Deprecated: (!First Steps) with Oracle Cloud’s Pub/Sub Service: Oracle Messaging Cloud Service

Lucas Jellema

Fire and forget messaging is a powerful concept. Asynchronous, decoupled communication is key to scalability and independence of services. Oracle Cloud provides a pub/sub solution called Oracle Messaging Cloud Service. This is an HTTP based publish and subscribe mechanism for asynchronous communication – based on persistent messages and durable subscriptions. It is modelled after the Java Messaging Service. It allows for publishing messages from anywhere – inside OCI but also from other clouds and from any on premises system-  and for consuming these messages anywhere – again inside Oracle Cloud Infrastructure or anywhere else. Oracle Messaging Cloud Service has a low threshold – with a price set per 1M API Calls per month at $0.38 (pay as you go) or $0.25 (monthly flex).

You may wonder: why the strike out? Is that information incorrect? Well, not necessarily – it is all based on actual information from the Oracle Cloud’s website and documentation.

image

However, as I tried to get started with OMCS, it turned out to be not as simple as I thought. In fact, it seemed impossible.

I have gone through this with a friendly chat agent from Oracle:

image

And though he did not help me at all, he seemed nice.

I then decided to check service availability – in Data Regions (https://www.oracle.com/cloud/data-regions.html) – and that seems to clarify things: OMCS is about to be killed off. This useful cloud service is only available in a very select few regions, and not the up and coming ones:

SNAGHTML48958dce

In EMEA only Amsterdam Classic (thoroughly legacy) offers Messaging Cloud.

Long story short: I need to come up with a different solution. I guess in the Oracle cloud portfolio that means OCI Streaming – based on Kafka. The one thing I will not get from OCI Streaming (or so at least is my current understanding) is the Message Push Listener – invocation of an HTTP endpoint whenever a message is published. That is a real shame, because that is a feature I could really use in my function – invokes – function – in a decoupled architecture.

image

In this article I will describe how to get going with OMCS – creating a Destination, a (durable) Subscriber and a Publisher. In follow up articles I will show the Push Listener in conjunction with API Gateway and Oracle Functions. I believe the OMCS, API Gateway and Serverless Functions make for a terrific cloud native threesome, allowing functions to asynchronously call each other as well as other publishers to trigger function execution in a truly asynchronous manner. It is my expectation that for high volume and low latency use cases OMCS may not be the perfect solution, but where latency is not crucial and a little overhead in communication is acceptable, this may be a very nice, scalable and cheap solution for many challenges.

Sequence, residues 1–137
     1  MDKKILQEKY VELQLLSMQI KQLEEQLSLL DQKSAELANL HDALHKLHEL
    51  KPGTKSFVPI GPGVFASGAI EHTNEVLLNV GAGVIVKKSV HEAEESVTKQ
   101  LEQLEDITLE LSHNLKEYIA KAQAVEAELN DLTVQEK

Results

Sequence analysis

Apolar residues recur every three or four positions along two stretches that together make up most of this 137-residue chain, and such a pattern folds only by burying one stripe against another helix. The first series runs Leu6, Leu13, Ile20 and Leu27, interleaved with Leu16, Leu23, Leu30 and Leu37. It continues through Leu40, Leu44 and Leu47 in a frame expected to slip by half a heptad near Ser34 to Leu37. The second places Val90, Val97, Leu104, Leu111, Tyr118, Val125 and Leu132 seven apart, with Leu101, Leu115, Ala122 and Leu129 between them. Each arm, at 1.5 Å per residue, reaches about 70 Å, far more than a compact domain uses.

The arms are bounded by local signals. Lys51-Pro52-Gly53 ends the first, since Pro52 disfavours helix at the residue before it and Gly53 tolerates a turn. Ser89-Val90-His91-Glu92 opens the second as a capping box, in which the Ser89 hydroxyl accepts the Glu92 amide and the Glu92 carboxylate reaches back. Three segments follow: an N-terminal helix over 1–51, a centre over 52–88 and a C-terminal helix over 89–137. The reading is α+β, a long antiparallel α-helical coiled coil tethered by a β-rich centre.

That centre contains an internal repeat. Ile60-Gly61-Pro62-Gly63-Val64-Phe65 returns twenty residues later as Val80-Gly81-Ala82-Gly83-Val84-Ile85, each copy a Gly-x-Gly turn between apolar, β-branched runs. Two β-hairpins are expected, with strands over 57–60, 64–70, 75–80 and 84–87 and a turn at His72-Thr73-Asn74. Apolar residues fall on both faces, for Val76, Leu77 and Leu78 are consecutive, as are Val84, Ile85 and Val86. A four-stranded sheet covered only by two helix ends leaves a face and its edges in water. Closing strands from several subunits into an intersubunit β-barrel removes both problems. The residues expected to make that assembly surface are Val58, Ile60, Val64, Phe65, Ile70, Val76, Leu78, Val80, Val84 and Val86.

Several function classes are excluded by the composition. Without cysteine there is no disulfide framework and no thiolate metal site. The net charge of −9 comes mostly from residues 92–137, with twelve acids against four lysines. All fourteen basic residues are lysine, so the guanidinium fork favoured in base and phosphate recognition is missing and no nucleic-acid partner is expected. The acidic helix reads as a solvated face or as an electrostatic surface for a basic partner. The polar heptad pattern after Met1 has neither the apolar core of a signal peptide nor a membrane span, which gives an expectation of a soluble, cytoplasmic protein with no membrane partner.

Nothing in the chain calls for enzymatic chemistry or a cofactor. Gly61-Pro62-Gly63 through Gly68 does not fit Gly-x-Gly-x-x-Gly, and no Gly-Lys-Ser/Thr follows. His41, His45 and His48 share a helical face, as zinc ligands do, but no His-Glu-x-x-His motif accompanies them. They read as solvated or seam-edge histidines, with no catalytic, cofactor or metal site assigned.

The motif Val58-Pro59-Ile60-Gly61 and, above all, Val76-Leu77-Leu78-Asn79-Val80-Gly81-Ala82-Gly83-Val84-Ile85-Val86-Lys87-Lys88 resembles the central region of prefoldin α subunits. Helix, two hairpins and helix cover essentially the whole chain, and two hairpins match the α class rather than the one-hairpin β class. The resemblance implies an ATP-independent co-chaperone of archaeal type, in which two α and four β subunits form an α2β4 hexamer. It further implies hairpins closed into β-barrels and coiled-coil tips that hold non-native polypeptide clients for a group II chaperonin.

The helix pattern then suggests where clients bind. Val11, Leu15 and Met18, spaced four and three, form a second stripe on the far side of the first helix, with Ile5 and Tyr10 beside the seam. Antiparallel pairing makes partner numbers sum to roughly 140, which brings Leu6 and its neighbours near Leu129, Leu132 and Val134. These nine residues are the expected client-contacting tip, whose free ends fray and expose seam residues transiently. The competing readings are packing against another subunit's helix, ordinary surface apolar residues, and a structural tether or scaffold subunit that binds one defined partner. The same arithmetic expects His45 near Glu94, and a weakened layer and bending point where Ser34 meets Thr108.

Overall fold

The messaging solution on OCI that I am now relying upon is OCI Streaming. Streaming provides a pull/buffer-based communication model with sufficient capacity to flatten load spikes and the ability to feed multiple consumers with the same data independently. More on Streaming in a future article:

image

Resources

Product page on OMCS: https://www.oracle.com/application-development/cloud-services/messaging/

Documentation for Oracle Messaging Cloud Service: https://docs.oracle.com/en/cloud/iaas/messaging-cloud/index.html

Tutorial: Oracle Messaging Cloud Service: Handling Messaging Transactions with HTTP  – https://www.oracle.com/webfolder/technetwork/tutorials/obe/cloud/13_2/messagingservice/obe_messaging_Handling_Messaging_Transactions_with_HTTP.html#overview

Documentation on OCI Streaming – https://docs.cloud.oracle.com/iaas/Content/Streaming/Concepts/streamingoverview.htm

Leave a Reply

This site uses Akismet to reduce spam. Learn how your comment data is processed.

Next Post

Oracle Cloud Streaming Service - Scalable, Reliable, Kafka-like Event service on OCI

Facebook0TwitterLinkedinOracle Cloud Infrastructure offers the Streaming service. This service is easily described as a Kafka-like fully managed event platform for high volume streams of data that can be processed in real or delayed time in a durable, reliable way. And from the documentation: “Streaming can be used for messaging, ingesting […]